Three SMU Cox business law professors bring unique legal and corporate experience to the classroom and their students.
Political polarization is hitting the U.S. economy in new and unexpected ways. It’s even affecting how assets are allocated. In a study by SMU Cox Finance Professor Tarun Patel and co-authors, political polarization was shown to impact the economy through a study of mergers. When firms and their employees had more similar political views, they were more likely to announce a merger, complete it faster and perform better on profitability measures. In more recent years, the impact of polarization has become more evident and costly. The antidote: get along and find common ground.
When Accounting Professor Sorabh Tomar of SMU Cox set out on his research journey about greenhouse gas emissions disclosures by facilities, he expected they would receive direct pressure from outside forces like investors, environmental groups and regulators to reduce emissions levels. Instead he found that the facilities, America’s plants and manufacturers, were more concerned with their local peers’ emissions disclosures. He found that public disclosure helped industries become more efficient and reduce greenhouse gas emissions.
On November 11, as the country observed Veterans Day, the U.S. Military Veterans of SMU and the Cox School’s Veterans in Business Club honored SMU […]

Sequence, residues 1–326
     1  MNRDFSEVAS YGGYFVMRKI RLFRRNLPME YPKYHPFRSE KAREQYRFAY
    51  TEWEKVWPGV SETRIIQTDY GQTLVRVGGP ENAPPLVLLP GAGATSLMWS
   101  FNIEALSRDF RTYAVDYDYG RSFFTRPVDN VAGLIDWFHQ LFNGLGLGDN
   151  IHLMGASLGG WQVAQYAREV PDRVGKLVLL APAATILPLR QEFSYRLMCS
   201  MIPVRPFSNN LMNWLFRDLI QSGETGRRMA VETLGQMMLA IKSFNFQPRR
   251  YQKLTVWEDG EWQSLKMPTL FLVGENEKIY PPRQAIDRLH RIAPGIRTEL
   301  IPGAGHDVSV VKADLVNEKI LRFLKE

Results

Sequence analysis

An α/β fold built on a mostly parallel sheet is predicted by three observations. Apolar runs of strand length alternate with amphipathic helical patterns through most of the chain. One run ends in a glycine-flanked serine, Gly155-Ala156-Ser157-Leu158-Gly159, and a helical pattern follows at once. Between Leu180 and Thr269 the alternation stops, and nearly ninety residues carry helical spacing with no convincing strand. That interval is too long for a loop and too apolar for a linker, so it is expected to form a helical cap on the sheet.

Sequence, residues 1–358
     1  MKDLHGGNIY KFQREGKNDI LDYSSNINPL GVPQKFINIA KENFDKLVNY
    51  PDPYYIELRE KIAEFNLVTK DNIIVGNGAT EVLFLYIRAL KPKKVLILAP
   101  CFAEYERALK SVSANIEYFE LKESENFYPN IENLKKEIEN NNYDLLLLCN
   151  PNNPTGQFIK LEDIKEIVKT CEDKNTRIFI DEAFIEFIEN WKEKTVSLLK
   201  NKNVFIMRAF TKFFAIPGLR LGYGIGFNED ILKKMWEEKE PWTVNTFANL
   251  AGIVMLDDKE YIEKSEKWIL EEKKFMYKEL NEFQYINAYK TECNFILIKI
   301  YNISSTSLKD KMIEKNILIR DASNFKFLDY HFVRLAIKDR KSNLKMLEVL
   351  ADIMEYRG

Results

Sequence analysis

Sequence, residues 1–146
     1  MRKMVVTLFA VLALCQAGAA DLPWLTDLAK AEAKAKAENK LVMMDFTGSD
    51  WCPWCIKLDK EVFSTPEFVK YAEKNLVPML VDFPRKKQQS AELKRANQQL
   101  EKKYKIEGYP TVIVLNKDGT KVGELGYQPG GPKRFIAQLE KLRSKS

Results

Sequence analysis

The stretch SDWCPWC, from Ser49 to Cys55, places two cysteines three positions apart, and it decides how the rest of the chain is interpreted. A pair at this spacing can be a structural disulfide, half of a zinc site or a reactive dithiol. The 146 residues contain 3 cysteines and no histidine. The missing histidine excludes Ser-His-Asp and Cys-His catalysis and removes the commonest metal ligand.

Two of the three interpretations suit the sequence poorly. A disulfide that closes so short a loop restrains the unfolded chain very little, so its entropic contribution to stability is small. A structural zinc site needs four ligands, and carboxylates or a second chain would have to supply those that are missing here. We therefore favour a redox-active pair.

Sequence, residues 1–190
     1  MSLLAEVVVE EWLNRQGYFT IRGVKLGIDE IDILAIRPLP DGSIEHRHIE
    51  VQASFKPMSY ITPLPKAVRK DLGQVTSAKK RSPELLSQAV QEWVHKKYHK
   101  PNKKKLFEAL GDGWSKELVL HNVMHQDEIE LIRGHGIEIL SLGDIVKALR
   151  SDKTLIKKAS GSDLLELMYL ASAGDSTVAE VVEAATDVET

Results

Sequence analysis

Managing congestion in services has always been challenging. With customers flipping the script on their modus operandi at work and […]
The incidences of shocks rippling through supply chains during the pandemic have become more frequently reported, whether it’s semiconductor chips […]
The VIX index is the most renowned volatility index, gauging investor fear or uncertainty about the economy. In new research, Accounting Professor Sean Wang of SMU Cox and his co-authors identify a group of firms that move in tandem with the VIX and find that these firms essentially act as bellwether firms, microcosms of the market itself. These firms, mini-economies unto themselves, pass along information—for example, through their insider trading and earnings announcements—to the market about the economy and its future performance. It’s a big idea.
Re-thinking Physical Spaces: Co-Location Helps Solve a Growing Mental Health Crisis and Workplace Issues Post-Pandemic
In new research by ITOM Professor Vishal Ahuja and co-authors, they show that proximity of physical spaces, that they refer to as co-location, matters. In the healthcare setting, co-location of providers in the same hospital or clinic can save money, but more importantly lives. With tech firms like Apple and Google purchasing new real estate to bring people back together, it’s not just about whether co-location matters to an organization but to whom it matters most and why.
Cryptocurrency markets are in their infancy says Information Technology and Operations Management Professor Rowena Gan of SMU Cox. The currencies are designed to develop technology firm projects and support their transactions in the future. Mature crypto projects are in short supply, however, and much of the breathless activity in cryptocurrencies has been speculative in nature. In novel research, Rowena Gan, with co-authors Gerry Tsoukalas and Serguei Netessine, shed light on the optimal design of “uncapped” initial coin offerings (ICOs), meaning that an unlimited quantity of tokens is offered on launch day. A goal for Gan is to help legitimate firms efficiently issue tokens to finance their technology projects and illuminate best practices.